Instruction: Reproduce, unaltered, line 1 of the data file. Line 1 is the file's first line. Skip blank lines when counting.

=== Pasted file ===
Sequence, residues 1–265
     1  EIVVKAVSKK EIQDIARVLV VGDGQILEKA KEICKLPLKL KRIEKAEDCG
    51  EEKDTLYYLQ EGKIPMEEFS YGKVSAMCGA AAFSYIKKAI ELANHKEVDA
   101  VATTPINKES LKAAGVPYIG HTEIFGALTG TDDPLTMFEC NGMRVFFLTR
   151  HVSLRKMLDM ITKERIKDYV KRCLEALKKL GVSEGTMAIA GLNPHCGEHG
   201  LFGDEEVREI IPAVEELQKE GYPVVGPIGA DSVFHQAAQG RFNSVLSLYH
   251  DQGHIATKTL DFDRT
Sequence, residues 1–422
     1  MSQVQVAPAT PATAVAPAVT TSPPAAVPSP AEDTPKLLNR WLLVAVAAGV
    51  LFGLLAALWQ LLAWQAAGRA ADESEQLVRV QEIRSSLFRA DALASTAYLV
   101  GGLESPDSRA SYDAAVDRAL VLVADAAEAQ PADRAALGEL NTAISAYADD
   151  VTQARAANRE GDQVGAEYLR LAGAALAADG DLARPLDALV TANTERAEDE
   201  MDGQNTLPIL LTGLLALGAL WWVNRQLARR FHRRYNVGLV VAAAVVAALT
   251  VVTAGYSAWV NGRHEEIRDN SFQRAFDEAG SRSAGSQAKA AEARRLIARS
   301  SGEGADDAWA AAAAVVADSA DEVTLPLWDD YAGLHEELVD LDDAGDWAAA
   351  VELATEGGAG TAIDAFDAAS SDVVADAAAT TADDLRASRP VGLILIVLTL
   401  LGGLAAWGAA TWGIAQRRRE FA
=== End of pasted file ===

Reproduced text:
Sequence, residues 1–265